Millstein and Co. has advised Puerto Rico on debt restructuring and other fiscal matters. It also assisted the U.S. Treasury in 2008 with the restructuring of the Federal National Mortgage Association, commonly known as Fannie Mae, and the Federal Home Loan Mortgage Corporation, or Freddie Mac.
“We all believe very seriously that the items we’re talking about really need to happen,” Slossberg said. “Until the work is done, we will continue to be fighting for it.”
Aresimowicz says there is strong support in his caucus for a modest sales tax hike.
House Democrats proposed raising the sales tax rate from 6.35 to 6.99 percent, placing surcharges on restaurant and hotel transactions, and dedicating some of those receipts to bolster municipal aid.
Senate Democrats have not taken a position on the sales tax. But Senate President Pro Tem Martin M Looney, D-New Haven, told The Mirror this week that his caucus has researched a sales tax rate hike as well as closing some sales tax exemptions.
“We’re developing a sales tax option,” Looney said.
But developing an option isn’t the same as proposing an increase, and the Senate leader added that “everything has to be a negotiation.”
And those negotiations also include Gov. Dannel P. Malloy.
There’s consensus among all legislative leadership and the governor to steer clear of raising income tax rates, if at all possible, to close the projected $5.1 billion hole in state finances for the coming biennium.
But Malloy wants to avoid raising the sales tax rate as well.
The governor has pressed lawmakers to cut more deeply into local aid, and also to redistribute these resources to shield Connecticut’s poorest communities. But that also would mean most cities and towns would face a cut.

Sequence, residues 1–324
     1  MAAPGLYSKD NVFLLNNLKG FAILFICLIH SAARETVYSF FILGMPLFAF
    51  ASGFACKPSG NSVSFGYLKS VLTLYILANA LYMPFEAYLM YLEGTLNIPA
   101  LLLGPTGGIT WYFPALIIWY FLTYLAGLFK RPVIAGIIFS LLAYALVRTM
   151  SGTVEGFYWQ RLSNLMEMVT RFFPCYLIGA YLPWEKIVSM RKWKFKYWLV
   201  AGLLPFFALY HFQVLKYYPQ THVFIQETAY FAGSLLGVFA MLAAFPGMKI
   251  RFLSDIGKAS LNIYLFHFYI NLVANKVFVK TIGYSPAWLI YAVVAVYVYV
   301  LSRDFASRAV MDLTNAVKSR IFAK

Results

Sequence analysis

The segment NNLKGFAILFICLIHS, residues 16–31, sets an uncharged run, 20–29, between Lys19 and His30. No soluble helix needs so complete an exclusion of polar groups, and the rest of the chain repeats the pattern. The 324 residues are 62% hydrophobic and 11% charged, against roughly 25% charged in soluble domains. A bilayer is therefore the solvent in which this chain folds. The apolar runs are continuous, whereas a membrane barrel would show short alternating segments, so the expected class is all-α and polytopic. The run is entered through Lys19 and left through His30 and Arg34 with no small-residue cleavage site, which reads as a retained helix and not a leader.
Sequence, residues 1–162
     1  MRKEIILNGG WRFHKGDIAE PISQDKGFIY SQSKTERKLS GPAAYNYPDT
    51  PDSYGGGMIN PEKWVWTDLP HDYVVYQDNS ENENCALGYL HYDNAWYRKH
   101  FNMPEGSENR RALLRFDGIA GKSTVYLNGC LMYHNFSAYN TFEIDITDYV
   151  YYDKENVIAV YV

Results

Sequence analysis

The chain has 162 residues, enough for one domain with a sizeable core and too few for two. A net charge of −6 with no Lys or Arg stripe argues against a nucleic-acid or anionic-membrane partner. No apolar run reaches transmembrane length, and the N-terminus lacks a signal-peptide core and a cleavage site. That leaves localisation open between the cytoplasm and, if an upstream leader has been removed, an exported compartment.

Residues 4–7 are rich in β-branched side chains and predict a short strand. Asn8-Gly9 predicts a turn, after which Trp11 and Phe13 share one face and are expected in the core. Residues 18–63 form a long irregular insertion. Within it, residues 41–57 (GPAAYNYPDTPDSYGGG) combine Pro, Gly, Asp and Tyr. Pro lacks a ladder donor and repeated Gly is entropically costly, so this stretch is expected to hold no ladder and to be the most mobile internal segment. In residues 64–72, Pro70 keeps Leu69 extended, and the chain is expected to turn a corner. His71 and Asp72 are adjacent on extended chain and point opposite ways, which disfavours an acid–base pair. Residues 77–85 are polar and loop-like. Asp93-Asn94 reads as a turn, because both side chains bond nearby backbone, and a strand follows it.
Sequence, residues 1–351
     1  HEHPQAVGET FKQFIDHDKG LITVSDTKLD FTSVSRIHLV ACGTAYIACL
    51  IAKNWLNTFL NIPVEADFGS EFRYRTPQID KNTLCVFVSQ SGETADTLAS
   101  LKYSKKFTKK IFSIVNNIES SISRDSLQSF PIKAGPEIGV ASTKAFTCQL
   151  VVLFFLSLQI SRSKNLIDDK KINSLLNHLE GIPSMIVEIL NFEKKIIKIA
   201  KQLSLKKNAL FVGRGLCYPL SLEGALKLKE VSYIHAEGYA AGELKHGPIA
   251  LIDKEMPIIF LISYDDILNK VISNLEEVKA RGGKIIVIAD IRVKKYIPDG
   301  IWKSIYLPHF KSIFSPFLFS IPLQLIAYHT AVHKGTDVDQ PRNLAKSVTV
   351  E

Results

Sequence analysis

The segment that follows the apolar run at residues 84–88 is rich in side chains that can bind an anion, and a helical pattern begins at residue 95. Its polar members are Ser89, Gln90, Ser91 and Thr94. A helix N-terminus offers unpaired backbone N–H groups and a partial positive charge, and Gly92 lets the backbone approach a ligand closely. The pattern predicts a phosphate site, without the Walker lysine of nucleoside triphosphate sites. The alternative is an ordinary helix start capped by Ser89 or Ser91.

Malloy shielded local aid from budget cutbacks during his first year in office, when he and lawmakers closed a whopping 18 percent hole in the General Fund as Connecticut climbed out of the last recession.
But the state’s economic growth has been slow since then, and the governor says lawmakers must accept this reality and make more sweeping changes.
That position, combined with a narrow 79-72 Democratic edge in the House and an 18-18 deadlock in the Senate, make the math of passing any budget very tricky.
Democrats hold the tie-breaking 37th vote in the Senate in the form of Lt. Gov. Nancy Wyman, who is Senate president.
But they fall far short of the 101 votes in the House and 24 in the Senate they would need to override any potential veto from the governor.
So if Democrats want to pass a budget by themselves, they need to work with the governor.
And the administration, which hasn’t ruled out a sales tax hike, also indicated this week it could work with moderate Democrats on their priorities.
“Governor Malloy remains committed to resolving the state budget impasse and moving the state forward with an adopted biennial budget rather than continuing to run the state via executive order,” Chris McClure, spokesman for the governor’s budget office, said this week. “Ideas for long-term, structural changes should absolutely be a part of that discussion, and we are ready to work with the Senate Democratic caucus to explore these ideas.”